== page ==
A little something for the weekend…

While smoking out climate change deniers can offer a little light relief, it’s important not to lose sight of what exactly is on the line here. For this, I am grateful to Joe Romm over at ThinkProgress for the following reminder:


The above ‘wheel’ graphic was developed by scientists at MIT to try to visualise complex options. The ‘No policy’ wheel’ is on the left, and that’s the wheel we are collectively now rolling. The wafer-thin blue segment at the very top represents the scale of likelihood of global warming not exceeding the catastrophic tipping point of +2C. Mid-range projections swing between 4-6C and there’s a one in four chance that the heating will be 7C, 8C or even more.

The UK’s Hadley Centre put it in a different but equally comprehensible graphic format. The red arrow, labelled “business-as-usual” is not the worst-case scenario by any means, but it exactly matches current (and for the foreseeable future) global approaches to ‘managing’ emissions, i.e. we’re simply not even going to try to save ourselves.

Laying this out on a global map of the 2090s, you get the scenario below. If you look carefully, you will note that the entire Arctic and sub-Arctic region heats up most spectacularly, by on average 12-14C. This will certainly destroy the Greenland ice pack, melt the entire permafrost zone from northern Canada to Siberia, releasing billions of tons of methane in the process. These processes will drastically alter global sea levels and unhinge global climate systems not in a millennium, but in the coming decades.

If I sometimes get a little hot under the collar about people who piss around with humanity’s collective future, perhaps it’s that I spend a fair amount of time studying the data, and come away more, not less, shocked and frightened every time. Yes, there are “climate crazies” out there. These are the folks who can look at data like this, shrug their shoulders, decide it’s all a bit of a fuss about nothing and go right back to whatever it is they were doing five minutes earlier. Ignorance may be bliss, but it isn’t safe and frankly, it isn’t sane either.

ThinkOrSwim is a blog by journalist John Gibbons focusing on the inter-related crises involving climate change, sustainability, resource depletion, energy and biodiversity loss
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8 Responses to A little something for the weekend…

  1. seafóid says:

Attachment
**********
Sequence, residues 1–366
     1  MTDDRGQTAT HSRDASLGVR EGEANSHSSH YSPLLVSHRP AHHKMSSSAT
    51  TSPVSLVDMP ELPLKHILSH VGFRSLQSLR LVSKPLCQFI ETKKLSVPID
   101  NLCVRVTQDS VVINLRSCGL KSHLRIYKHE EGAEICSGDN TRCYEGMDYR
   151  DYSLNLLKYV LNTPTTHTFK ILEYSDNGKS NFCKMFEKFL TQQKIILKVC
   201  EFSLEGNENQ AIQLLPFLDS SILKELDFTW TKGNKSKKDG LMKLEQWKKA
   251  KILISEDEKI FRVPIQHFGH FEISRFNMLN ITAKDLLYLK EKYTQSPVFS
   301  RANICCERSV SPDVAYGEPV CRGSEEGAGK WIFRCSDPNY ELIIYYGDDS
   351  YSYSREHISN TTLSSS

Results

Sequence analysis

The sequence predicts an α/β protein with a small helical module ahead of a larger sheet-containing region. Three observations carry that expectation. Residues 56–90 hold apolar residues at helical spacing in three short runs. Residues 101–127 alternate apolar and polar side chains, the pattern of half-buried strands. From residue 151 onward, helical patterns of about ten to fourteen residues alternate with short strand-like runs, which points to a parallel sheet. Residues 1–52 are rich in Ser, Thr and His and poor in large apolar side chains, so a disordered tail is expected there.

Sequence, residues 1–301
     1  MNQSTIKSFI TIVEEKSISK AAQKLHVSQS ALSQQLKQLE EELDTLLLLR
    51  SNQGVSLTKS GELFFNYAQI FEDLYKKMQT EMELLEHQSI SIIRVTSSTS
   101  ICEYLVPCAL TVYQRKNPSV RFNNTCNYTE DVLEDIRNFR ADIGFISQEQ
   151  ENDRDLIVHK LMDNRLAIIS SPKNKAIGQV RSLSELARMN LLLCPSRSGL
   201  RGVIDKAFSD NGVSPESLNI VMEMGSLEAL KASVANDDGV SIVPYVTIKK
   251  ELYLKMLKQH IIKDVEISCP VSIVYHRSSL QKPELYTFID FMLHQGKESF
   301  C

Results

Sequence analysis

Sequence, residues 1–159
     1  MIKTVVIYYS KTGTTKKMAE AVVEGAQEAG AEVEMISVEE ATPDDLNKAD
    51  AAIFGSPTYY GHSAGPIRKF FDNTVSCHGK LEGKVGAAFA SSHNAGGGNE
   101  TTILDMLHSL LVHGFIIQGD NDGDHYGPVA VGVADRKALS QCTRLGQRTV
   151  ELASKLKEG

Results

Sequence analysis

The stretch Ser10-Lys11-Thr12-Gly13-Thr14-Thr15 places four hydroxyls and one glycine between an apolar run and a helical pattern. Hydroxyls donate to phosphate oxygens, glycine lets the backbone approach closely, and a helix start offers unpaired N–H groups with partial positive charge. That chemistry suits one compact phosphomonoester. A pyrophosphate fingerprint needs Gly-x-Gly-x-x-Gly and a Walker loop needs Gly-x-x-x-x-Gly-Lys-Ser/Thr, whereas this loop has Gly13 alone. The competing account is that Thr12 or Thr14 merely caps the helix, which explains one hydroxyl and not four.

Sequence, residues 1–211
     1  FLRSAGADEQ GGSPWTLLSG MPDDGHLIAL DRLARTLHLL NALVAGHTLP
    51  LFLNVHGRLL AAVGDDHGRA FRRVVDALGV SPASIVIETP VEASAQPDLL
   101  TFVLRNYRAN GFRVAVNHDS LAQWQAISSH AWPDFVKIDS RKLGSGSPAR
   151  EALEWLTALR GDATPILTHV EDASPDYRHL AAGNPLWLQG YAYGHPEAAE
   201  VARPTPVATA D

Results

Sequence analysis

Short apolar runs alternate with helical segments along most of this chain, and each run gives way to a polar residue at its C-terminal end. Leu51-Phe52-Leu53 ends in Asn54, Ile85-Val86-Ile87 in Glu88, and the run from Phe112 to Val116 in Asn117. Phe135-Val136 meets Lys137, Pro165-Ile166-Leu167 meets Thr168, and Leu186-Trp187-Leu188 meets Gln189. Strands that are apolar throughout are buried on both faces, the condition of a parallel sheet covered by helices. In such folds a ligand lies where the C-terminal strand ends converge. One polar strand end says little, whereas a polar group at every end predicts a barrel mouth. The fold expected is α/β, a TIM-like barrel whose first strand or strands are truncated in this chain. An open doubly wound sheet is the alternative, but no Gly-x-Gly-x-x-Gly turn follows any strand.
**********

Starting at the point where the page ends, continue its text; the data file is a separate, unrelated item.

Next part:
George Carlin once said “Germany lost WWII, but fascism won”.


    I do not want to end without mentioning another externality that is dismissed in market systems: the fate of the species. Systemic risk in the financial system can be remedied by the taxpayer, but no one will come to the rescue if the environment is destroyed. That it must be destroyed is close to an institutional imperative. Business leaders who are conducting propaganda campaigns to convince the population that anthropogenic global warming is a liberal hoax understand full well how grave is the threat, but they must maximize short-term profit and market share. If they don’t, someone else will.
    This vicious cycle could well turn out to be lethal. To see how grave the danger is, simply have a look at the new Congress in the US , propelled into power by business funding and propaganda. Almost all are climate deniers. They have already begun to cut funding for measures that might mitigate environmental catastrophe. Worse, some are true believers; for example, the new head of a subcommittee on the environment who explained that global warming cannot be a problem because God promised Noah that there will not be another flood.
    If such things were happening in some small and remote country, we might laugh. Not when they are happening in the richest and most powerful country in the world. And before we laugh, we might also bear in mind that the current economic crisis is traceable in no small measure to the fanatic faith in such dogmas as the efficient market hypothesis, and in general to what Nobel laureate Joseph Stiglitz, 15 years ago, called the “religion” that markets know best – which prevented the central bank and the economics profession from taking notice of an $8tn housing bubble that had no basis at all in economic fundamentals, and that devastated the economy when it burst.
    All of this, and much more, can proceed as long as the Muashar doctrine prevails. As long as the general population is passive, apathetic, diverted to consumerism or hatred of the vulnerable, then the powerful can do as they please, and those who survive will be left to contemplate the outcome.